Monday, August 29, 2016
50 Years Ago Today (August 29, 1966)
Although they claim that they never officially discussed it, all four of them knew ...
Once they finished their concert at Candlestick Park in San Francisco, the touring days of The Beatles would be behind them.
Nothing was ever formally announced to the press regarding their future touring plans ... they just simply never scheduled another one.
(That being said, I have to believe they had an inkling ... John Lennon and Paul McCartney both brought cameras out to the stage with them to take photos of the crowd ... as well as a few "selfies" on the stage ... before anybody even knew what a "selfie" was ... see, The Beatles always WERE trendsetters!!!) And, at Paul McCartney's request, Press officer Tony Barrow also made a cassette recording of what would be their final live show ... however the tape only recorded thirty minutes per side so the end of their finale, "Long Tall Sally", was cut off when it ran out of tape!)
The complete set list that night included "Rock And Roll Music", "She's A Woman", "If I Needed Someone", "Day Tripper", "Baby's In Black", "I Feel Fine", "Yesterday", "I Wanna Be Your Man", "Nowhere Man", "Paperbac Writer" and "Long Tall Sally" ... eleven songs ... 35 minutes ... and then it was over ... for good.
1966 was a difficult year for The Fab Four ... after being stoned in Manila in The Philippines for what was perceived to be a snub of the country's first lady, Imelda Marcos ... (the boys were actually detained and roughed up at the airport trying to leave the country ... and the lion's share of their earnings were confiscated and held back) ... after all of the backlash surrounding John Lennon's comment about The Beatles being more popular than Jesus (scroll back to our August 11th 50th Anniversary posting), with radio stations banning (or burning!) their records ... and the fact that their music had become so sophisticated in the studio by this time they could no longer reproduce it on stage any more (and let's face it, nobody was really listening anyway ... The Beatles often complained that they got worse as musicians because they couldn't even hear themselves play or sing over the screaming fans), it was only a matter of time, really, before they threw in the towel.
By 1966, ticket sales were down significantly. Even Shea Stadium, which boasted the single largest live concert crowd ever the year before, had over 10,000 empty seats when The Beatles returned the following year. (Reports say that Candlestick Park, which housed 42,500, only sold 25,000 seats for what would go on to be The Beatles' last live performance ever! They were still guaranteed $90,000 for the show, however, so I doubt that any of them complained afterwards!)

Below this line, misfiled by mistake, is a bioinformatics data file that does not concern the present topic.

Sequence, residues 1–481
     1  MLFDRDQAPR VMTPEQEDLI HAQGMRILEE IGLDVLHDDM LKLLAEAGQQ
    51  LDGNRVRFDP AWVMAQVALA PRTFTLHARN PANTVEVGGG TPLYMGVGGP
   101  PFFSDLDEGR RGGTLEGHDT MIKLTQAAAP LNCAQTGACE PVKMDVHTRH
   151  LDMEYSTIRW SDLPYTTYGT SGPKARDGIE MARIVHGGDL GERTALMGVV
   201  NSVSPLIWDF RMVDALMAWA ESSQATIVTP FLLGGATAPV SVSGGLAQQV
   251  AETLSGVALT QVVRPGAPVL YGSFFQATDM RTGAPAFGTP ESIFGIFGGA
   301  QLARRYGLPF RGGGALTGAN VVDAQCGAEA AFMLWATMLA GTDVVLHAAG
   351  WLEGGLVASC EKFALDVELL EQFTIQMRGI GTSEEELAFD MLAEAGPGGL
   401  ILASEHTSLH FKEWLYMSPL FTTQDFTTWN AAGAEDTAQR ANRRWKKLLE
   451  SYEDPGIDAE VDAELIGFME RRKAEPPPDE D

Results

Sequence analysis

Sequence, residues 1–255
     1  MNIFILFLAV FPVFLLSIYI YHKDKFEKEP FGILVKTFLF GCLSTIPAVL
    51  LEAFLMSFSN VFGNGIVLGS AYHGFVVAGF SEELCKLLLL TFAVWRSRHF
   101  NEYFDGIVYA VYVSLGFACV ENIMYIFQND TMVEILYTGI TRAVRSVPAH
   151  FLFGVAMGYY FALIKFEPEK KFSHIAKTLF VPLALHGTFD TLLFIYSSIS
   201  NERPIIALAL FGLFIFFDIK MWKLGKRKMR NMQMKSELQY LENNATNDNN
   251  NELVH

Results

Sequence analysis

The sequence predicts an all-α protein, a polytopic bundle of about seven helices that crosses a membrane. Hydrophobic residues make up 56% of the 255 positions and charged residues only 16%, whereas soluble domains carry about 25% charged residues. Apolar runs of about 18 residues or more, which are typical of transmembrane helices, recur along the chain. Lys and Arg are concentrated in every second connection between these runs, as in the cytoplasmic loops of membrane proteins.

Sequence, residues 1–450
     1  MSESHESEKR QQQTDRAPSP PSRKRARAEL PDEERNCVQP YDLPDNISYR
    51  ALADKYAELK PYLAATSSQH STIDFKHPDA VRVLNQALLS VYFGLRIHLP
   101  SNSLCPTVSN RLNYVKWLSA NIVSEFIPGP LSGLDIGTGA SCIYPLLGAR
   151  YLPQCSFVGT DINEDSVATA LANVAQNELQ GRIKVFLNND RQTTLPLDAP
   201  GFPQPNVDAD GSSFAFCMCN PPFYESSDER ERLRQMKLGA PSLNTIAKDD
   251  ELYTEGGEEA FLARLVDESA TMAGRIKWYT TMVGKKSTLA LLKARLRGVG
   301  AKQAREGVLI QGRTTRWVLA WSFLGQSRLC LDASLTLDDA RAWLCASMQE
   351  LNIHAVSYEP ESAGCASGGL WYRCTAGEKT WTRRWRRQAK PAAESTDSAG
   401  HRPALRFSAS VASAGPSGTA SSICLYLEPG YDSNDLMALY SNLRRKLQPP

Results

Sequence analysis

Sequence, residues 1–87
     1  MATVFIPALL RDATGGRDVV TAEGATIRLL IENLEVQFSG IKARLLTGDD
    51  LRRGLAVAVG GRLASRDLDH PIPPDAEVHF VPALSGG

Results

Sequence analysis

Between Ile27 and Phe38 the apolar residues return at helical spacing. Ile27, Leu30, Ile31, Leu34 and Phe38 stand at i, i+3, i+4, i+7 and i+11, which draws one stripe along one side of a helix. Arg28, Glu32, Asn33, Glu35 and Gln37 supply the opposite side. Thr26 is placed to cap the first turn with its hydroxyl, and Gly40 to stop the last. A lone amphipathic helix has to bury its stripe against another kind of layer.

The following year would bring accolades for "Sgt. Pepper's Lonely Hearts Club Band" and, almost to the day, the death of their manager, Brian Epstein.
I don't think The Beatles ever performed for more than 35 minutes on stage once they hit the big-time ... a far cry from the eight hours per night they used to rock the stage back in Hamburg in the early '60's before most of the world knew who they were. Still, it was fun while it lasted. (I personally never got to see them ... and never forgave my father for not letting me go to the Comiskey Park Concert the year before with my cousins.) Despite all their disdain for life on the road, Paul McCartney has now been touring virtually non-stop for nearly 45 years since forming Wings and as a solo act. (I've probably seen him at least nine or ten times over the years.) He'll often do a two-to-three hour show and feature music The Beatles never would have dreamed of trying to recreate on the stage in a live environment.
George Harrison did his infamous "Dark Hoarse" tour, when he lost his voice after just a few shows and could barely sing a note from that point forward ... although he later did a successful tour of Japan with Eric Clapton. (I was fortunate enough to catch BOTH shows he did here in Chicago in 1974 when, once again, Billy Preston stole the show!)
Ringo Starr has toured on and off for decades with his All-Starr Band, featuring big name performers from lots of other bands over the years ... we've been lucky enough to see him half a dozen times as well.
Only John Lennon elected not to tour ... although he DID do isolated concerts here and there, usually as fundraisers for good causes. He is the only Beatle I never got to see perform live.
Save their impromptu rooftop performance at The Apple Records Studio on a cold winter's day in January of 1969, The Beatles never appeared together in a live setting again as a group.